More than 100 million Americans -- and perhaps as many America-watchers around the world -- are expected to have their eyes glued to the first 2016 presidential debate tonight between Donald Trump and Hillary Clinton.
Some, anticipating an old-fashioned street brawl, are referring to it on Twitter as "Smackdown at the Mack" -- after its venue at Hofstra University's David S. Mack Sports and Exhibition Complex.
The moderator will be NBC's Lester Holt. Both campaign teams have speculated about how Holt will go about it, especially whether he should be fact-checking the candidates' answers. The co-chairman of the Commission on Presidential Debates, Republican Frank Fahrenkopf, told National Public Radio (NPR) he doesn't think so.
Fahrenkopf says if "Candidate A" says something that's wrong or inconsistent with what they've done or said in the past, "it's not the moderators job to say, 'hey, Candidate A, that's not what you said last week.' That's for Candidate B to do."
Bob Schieffer agrees. The former CBS News anchor moderated three presidential debates. At a panel discussion at the University of Notre Dame recently, he said in his view, "the role of the moderator is to be the referee, it's not to be a judge." Schieffer says the moderator's role is to conduct a discussion that gives viewers "a fuller understanding of what these people think on various subjects."
This first 90-minute debate will be divided into three parts: America's Direction, Achieving Prosperity, and Securing America. But there should be time for Holt to veer off a little and get creative.
The candidates will not be "free-roaming" on the stage, they will stand at podiums. Here are the particulars:
- Who. Just Donald Trump and Hillary Clinton will be on stage but they will debate in front of a live audience. In spite of the third-party lobbying, neither Libertarian Gary Johnson nor Green Party candidate Jill Stein met the threshold set by the Commission on Presidential Debates by winning 15 percent of the national electorate based on polls.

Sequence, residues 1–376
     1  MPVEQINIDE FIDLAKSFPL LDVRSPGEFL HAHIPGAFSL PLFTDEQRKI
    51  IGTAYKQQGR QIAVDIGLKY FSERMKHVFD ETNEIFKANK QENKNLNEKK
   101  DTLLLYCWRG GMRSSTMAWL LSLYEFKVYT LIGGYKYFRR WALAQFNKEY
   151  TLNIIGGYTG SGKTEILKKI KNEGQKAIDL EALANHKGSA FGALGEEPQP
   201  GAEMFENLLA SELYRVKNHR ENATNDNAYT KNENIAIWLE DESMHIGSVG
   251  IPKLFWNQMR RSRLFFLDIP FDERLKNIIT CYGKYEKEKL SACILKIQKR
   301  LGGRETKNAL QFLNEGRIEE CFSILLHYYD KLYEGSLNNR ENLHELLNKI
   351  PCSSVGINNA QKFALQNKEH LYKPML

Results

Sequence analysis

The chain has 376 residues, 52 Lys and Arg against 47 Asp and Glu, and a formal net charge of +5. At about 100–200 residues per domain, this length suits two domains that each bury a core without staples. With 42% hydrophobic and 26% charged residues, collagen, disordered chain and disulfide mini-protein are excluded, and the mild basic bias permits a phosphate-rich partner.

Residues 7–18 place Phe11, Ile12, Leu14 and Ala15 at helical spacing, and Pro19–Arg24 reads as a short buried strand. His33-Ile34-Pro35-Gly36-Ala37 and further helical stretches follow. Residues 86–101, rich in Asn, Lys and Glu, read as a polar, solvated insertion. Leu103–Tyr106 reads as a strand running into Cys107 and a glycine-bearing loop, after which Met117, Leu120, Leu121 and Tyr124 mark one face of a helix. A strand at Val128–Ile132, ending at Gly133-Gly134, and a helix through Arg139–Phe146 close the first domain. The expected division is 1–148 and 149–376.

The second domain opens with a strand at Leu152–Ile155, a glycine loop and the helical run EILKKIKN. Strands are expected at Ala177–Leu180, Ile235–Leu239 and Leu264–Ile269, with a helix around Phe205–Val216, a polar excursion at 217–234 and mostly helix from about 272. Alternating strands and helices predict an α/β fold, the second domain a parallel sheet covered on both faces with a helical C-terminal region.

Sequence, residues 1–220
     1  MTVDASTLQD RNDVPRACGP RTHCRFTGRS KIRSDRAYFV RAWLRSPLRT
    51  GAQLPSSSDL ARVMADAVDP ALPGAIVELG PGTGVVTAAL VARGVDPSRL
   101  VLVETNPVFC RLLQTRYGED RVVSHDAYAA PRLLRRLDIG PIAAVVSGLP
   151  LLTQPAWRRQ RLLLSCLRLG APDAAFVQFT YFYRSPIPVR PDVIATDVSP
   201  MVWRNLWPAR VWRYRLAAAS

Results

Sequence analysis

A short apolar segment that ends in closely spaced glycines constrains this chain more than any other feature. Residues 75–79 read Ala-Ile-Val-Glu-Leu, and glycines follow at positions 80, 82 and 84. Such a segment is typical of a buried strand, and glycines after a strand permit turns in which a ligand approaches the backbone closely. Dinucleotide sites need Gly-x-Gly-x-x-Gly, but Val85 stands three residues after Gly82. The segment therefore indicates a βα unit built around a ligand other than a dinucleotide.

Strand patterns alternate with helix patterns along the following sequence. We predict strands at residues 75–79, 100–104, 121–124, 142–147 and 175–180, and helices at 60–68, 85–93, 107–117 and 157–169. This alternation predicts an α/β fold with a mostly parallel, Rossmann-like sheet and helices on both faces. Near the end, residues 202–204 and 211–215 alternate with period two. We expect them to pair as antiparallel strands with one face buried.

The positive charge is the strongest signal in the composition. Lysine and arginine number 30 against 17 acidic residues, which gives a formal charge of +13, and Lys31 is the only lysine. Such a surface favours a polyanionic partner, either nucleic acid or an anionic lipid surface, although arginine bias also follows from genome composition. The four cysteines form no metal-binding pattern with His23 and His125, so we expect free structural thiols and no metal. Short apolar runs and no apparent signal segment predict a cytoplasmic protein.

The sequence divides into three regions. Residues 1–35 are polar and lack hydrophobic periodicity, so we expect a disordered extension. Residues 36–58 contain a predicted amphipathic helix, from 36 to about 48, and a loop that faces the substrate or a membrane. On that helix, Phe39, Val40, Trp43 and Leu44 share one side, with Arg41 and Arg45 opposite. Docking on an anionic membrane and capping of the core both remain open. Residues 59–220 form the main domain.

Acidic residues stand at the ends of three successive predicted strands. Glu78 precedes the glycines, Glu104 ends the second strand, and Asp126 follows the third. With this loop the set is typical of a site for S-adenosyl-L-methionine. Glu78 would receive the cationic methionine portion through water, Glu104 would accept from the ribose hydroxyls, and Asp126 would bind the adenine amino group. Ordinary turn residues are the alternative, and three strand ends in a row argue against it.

- When. 9 p.m. ET. In fact, this will be the start time for all the debates.
- Where. Every major network will carry the debate live. Even the cable networks will have it live. You'll find it livestreamed on websites, social media platforms and even broadcast on live radio. Facebook and Twitter will both livestream the debate. And USA Today predicts, "No doubt, someone will be covering the debate with Snapchat's new Spectacles, for those who don't have the attention span for Twitter." Where you won't find the debate? ESPN, which is airing Monday Night Football as always, New Orleans Saints vs. Atlanta Falcons.
Each candidate, of course, has his and her advantages/disadvantages.
As NPR discussed Sunday morning, in a year when voters are clearly ready for change and disgusted with the status quo, Trump has the advantage of being the outsider. Therefore, expectations for him are low. But he has big deficits with voters who think he doesn't have the character and temperament to be president.
"If Trump can stand on a debate stage for two hours and not lose his temper and come across as a reasonable person, he'll have a good night," said Alex Conant, who was Florida Sen. Marco Rubio's spokesman during the GOP primaries. "And that's a lot easier than Clinton's task -- which is to convince people she's not a liar."
It's true, expectations are a lot higher for Clinton. Debate coaches say one of the biggest mistakes a presidential candidate can make is misunderstanding what a presidential debate is and is not. It's not a forum to score policy points (a Clinton strength). It's a contest of character and demeanor. Everyone knows that Clinton is knowledgeable and competent. Now she needs to use the debate to show she's also authentic and relatable.
"When I read about those giant debate books they're preparing for her, I cringe and worry. The smaller her debate book, the better off she'll be," Sam Popkin told NPR. Popkin has prepped four Democratic candidates for debates and played Ronald Reagan in Jimmy Carter's debate prep sessions.
Watch the candidates' body language. The issues may be what voters want to hear, but past debates have been won resoundingly or declared utter disasters based on the little things -- a quick temper, an annoying nervous reaction, a single question either badly or masterfully answered.
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